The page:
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How to prevent fires
You can reduce the risk of fire by taking the following precautions: • • • • • • • • • • • • • • • all fires and heaters should have a secure fireguard all chimneys used should be swept at least annually if you have portable heaters, put them where they cannot be knocked over carry out regular spot checks - faulty wiring, frayed leads and loose plugs can cause fires - they should be repaired immediately after the fault has been noticed make sure furniture items are not obstructing or damaging electrical cables unplug electrical appliances before going to bed - do not overload an electrical point for electric blankets, follow the manufacturer’s instructions carefully to ensure that you do not misuse them check that your electric iron is earthed and that it has a safe stand do not leave your cooker unattended whilst switched on - do not hang clothes directly over stoves or cookers avoid careless smoking especially in bedrooms - keep matches and lighters away from children take great care with all flammable liquids in your home - for storage and correct usage follow the instructions on the container you should take special care with any heaters in your bathroom - these should be safely placed and well guarded you should prepare an escape plan to be used in the event of a fire only use candles in their proper containers and take particular care where they are placed. Do not leave burning candles unattended and make sure that they are properly extinguished at all times. Purchase a portable fire extinguishing appliance and/or a fire blanket

Fire extinguishers
When buying a portable fire-extinguishing appliance you should make sure it conforms to BS7863 and BSEN3 996. You should always purchase an approved fire-extinguishing appliance. The extinguisher body is now coloured red with an identification band colour depending on the extinguishing medium.

Portable fire extinguishing appliances
Type (colour) Water (red) Foam (cream and red) or AFF Foam Dry powder (blue and red) Carbon dioxide (black and red) Hydrospray (red) Fire blanket Minimum size recommended 3 litres 3 litres 2 litres kg 2kg 3 litres Should comply with BS 6575 When to use All wood, paper and fabrics not electrical or flammable liquids. Wood, paper and freely burning materials including flammable liquids All fires Flammable liquids and electrical fires Wood paper and freely burning materials Effective for tackling small fires such as chip pan fires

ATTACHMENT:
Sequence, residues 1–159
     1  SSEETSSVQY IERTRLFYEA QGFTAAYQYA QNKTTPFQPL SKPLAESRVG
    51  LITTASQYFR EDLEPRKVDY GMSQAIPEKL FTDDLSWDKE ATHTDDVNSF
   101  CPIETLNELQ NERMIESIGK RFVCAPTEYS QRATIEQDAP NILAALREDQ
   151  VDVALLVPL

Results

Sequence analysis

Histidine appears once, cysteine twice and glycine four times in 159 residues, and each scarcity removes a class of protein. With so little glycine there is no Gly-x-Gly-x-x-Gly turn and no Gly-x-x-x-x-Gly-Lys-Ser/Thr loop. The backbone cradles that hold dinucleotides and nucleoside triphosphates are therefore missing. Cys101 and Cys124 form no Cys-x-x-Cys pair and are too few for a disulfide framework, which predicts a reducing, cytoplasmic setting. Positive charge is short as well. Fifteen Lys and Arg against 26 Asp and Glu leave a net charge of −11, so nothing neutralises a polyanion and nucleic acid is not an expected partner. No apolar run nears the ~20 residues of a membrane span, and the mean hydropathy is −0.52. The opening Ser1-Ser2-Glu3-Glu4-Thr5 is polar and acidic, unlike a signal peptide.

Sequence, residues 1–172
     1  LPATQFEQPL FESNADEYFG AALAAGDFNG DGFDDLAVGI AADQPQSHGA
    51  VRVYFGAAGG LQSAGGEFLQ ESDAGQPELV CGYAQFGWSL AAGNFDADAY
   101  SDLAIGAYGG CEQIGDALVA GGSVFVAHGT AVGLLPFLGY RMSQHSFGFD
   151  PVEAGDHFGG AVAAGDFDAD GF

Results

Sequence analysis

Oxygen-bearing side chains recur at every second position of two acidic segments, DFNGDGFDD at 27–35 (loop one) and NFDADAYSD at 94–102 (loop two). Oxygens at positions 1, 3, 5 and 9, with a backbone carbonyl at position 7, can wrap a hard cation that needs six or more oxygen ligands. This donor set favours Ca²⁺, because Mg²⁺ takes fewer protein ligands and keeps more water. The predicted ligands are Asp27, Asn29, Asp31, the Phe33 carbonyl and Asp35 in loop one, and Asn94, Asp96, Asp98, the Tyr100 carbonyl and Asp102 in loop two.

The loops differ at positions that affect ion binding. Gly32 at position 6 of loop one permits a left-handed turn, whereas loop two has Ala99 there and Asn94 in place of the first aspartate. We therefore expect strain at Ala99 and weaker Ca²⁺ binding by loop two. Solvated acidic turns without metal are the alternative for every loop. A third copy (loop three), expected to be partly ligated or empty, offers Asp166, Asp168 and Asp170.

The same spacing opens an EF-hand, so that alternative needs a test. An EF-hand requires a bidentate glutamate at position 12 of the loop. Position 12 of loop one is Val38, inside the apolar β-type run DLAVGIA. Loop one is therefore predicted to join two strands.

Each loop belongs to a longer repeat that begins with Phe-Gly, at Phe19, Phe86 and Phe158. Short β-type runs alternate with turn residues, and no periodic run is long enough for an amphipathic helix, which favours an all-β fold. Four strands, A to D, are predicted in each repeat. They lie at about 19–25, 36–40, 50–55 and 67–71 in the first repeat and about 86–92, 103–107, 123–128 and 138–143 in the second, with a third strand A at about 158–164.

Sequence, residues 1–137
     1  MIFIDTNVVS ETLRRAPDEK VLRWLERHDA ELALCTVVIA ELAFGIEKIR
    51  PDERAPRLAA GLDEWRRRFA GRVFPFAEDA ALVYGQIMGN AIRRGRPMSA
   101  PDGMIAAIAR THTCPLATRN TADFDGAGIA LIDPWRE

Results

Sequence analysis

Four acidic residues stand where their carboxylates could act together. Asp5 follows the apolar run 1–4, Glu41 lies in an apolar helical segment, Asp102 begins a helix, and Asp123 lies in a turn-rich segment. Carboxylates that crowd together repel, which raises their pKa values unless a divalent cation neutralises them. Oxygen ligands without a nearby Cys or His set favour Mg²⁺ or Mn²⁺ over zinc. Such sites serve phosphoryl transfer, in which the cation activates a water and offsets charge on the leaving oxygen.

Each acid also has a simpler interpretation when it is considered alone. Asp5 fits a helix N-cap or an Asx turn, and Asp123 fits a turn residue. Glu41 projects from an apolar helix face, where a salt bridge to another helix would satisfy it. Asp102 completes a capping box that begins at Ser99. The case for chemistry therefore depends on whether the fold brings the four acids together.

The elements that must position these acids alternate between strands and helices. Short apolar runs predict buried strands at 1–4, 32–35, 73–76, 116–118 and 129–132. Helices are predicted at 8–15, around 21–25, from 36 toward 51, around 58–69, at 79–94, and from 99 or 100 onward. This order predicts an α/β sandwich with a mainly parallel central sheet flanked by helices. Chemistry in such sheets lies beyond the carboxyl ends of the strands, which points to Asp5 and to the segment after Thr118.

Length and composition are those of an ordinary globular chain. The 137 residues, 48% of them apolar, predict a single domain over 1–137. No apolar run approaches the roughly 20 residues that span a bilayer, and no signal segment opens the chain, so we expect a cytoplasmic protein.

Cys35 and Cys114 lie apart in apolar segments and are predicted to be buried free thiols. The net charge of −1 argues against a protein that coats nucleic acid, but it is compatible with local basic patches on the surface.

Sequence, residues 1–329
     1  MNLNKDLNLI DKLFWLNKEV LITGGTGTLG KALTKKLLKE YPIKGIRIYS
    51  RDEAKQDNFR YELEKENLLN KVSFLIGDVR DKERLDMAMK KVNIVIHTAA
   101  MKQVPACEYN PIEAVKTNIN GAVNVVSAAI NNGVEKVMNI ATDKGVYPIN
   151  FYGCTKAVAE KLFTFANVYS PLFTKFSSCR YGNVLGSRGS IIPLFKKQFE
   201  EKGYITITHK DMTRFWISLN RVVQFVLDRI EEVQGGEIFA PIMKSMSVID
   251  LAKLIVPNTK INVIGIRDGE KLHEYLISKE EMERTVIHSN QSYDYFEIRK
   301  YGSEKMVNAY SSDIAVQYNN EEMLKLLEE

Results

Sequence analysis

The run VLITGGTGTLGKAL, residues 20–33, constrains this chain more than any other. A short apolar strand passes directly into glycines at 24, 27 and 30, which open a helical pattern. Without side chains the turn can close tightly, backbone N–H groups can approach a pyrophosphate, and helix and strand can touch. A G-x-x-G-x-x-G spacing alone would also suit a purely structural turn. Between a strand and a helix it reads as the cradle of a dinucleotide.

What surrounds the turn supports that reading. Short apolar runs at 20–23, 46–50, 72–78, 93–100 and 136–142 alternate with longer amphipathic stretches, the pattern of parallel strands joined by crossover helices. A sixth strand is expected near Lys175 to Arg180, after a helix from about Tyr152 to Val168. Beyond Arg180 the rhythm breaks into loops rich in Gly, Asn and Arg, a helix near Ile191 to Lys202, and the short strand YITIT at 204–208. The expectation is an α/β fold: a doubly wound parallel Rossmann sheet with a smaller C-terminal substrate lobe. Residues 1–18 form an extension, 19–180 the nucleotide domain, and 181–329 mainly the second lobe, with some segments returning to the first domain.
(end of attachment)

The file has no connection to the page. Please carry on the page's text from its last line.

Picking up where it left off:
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What to do in the event of a fire
If a fire breaks out you should take the following action: • • • • alert everyone in the house of the fire by shouting ‘Fire’ loudly and call 999 and evacuate the building if the fire is small and contained you should use your fire blanket or portable fire extinguishing appliance (provided this will not prejudice your own personal safety) if you cannot tackle the fire without prejudicing your own personal safety and the fire is confined to one room, shut the door before you leave the building if you are trapped by fire you should go into a room, firmly close the door and block the bottom of the door with a blanket, clothing or carpet - you should then seek help by calling from the window

Thatched properties
If you are the proud owner of a thatched property you will undoubtedly be fully aware of the charm and uniqueness of your home that has probably stood for many years. It is important that you take the following additional steps to help ensure your home stands for many more years to come. A regularly well-maintained thatched roof will slow down fire spread. Where the thatched roof is nearing the end of its average life span, the thatch should be checked by a Master Thatcher and replaced if necessary. A thatched roof will only take approximately 20 minutes to burn. Chimneys are the major causes of fire in thatched properties (approximately 50%) • consult Thatching Advisory Services Ltd to obtain: • details of a Master Thatcher who is local to your home • a fire retardant treatment - FRT80 which considerably reduces the speed at which thatch catches fire • a barrier foil used like roofing felt that stops rafters burning and protects thatch from internal combustion • a steel liner which should be fitted to the chimney flue chimneys must be swept at least once a year prior to winter use the height of chimney pots should ideally be .8 metres above the ridge to help carry sparks away from the roof spark arresters can be fitted to the top of a chimney, but these must be kept clean the electrical installation should be inspected once every 0 years by an electrician approved by the National Inspection Council for Electrical Installation Contracting (NICEIC) have a hose reel attached to the exterior of the property on a stand pipe (lagged against frost). The length of the hose should be sufficient enough to reach all around the house.